Tango DJ – Music for Milongas

it’s vital to have the right gear and to understand the technical requirements to provide a good experience

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Music for Milongas

It’s vital the dancers can engage fully with the music without being distracted by any aspect of the music or the sound.

Peter’s approach to DJing combines three elements to ensure the music is as good as it can be :

  • the individual tracks selected
  • the way the chosen music is combined throughout the event
  • the sound of the music as experienced by the dancers, dependant on the quality of the recordings and the sound system.

Golden Age Orchestras

Golden age music can sound very thin, partly because of how it was originally recorded, but equally because of the way it has been reproduced and modified through the vinyl years, then on to CD.  The resulting narow frequency range can be very wearing on the ear after an hour or so.

People sometimes believe this thin and scratchy sound to be “authentic”  because that’s the only way they have ever heard this music.  However, these orchestras would not have sounded like this when they were originally danced to – live! 

Specially re-mastered tango tracks are available where the audible hiss, crackle and even jumps, often associated with old music has been removed.  They represent the orchestras as they would have been heard when playing – live. 

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Creating the Sound

The music source is one side of the equation. Not all tango music is suitable for dancing. Many were simply to be enjoyed by listening to.  So careful selection and putting together tandas that gives a sense of being taken on a journey throughout the evening, is essential and a skill.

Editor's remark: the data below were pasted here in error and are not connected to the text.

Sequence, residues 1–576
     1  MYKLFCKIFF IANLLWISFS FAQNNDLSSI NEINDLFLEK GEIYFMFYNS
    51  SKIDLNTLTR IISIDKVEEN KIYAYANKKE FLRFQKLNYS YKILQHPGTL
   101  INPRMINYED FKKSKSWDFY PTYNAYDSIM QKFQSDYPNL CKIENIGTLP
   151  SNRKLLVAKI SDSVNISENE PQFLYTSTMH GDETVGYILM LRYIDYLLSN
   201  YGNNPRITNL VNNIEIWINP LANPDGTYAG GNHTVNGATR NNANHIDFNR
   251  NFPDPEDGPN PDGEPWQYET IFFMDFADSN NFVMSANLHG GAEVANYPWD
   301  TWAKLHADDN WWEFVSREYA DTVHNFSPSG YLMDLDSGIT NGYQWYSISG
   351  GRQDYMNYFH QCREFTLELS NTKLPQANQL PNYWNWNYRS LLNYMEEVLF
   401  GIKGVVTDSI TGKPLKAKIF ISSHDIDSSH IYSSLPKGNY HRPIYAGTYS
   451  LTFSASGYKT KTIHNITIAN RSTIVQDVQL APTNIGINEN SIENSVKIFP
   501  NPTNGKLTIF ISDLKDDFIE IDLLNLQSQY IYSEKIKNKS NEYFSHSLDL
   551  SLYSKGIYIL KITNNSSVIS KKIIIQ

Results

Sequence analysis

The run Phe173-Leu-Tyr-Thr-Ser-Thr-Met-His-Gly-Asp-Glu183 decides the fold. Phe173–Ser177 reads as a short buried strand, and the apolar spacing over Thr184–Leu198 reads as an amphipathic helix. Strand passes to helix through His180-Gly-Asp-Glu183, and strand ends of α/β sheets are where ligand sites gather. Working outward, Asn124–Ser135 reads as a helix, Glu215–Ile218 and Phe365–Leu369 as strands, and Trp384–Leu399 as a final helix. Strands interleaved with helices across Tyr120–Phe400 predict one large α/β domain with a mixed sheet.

It must be complemented with carefully selected sound equipment, adequate to fill the room with sound, without being too loud or too quiet anywhere.  It needs to be adaptable so it can be tuned to the acoustics of different venues, and controllable to adapt to the ever changing dynamic and energy throughout the evening.

Using an inadequate number of speakers, replying perhaps on only two speakers at one end of the hall, then turning up the volume, will not create a good sound.

Bear in mind too, that different tracks were recorded at different times, so their sound quality will differ.  You need to monitor each track and adjust it accordingly.  No point sitting there with your earphones on listening to the next track, if the track playing is screechingly loud.

It’s very tempting for DJs to join the dancers for a tanda or two.  Unless you are absolutely certain you can rely on the tanda playing, and the equipment you’re using not to fail in any way, the risk is too great.

Where PA is already installed at a venue, it is sometimes of mediocre quality, and even thrashed by countless hours of disco music.  It is simply too risky to rely on unknown and untested gear for music as demanding and sensitive as Tango!

Invest in your own PA gear for reliability and peace of mind.

If the hall is unfamiliar, make sure you get there early enough so you can do good sound checks.  As the hall fills with people, the acoustics will change, keep on top of this too.

Live Music

Providing and managing the sound system for live music creates additional challenges for the DJ – it’s vital to have the right gear and to understand the technical requirements to provide a good experience for the both audience and the musicians.

What are you dancing to?

Peter pioneered the use of visual displays to inform dancers about the music being played – see pictures below.  We’re glad to see that some other DJs have now adopted this useful addition for dancers’ enjoyment.  You can put playlists on each table if you don’t have the equipment.

Peter has a rich musical background with over fifteen years’ experience dancing, teaching and as a tango DJ.  If you need any help contact – here

Projector & Screen on a Stage

TV Monitor & Stand on the floor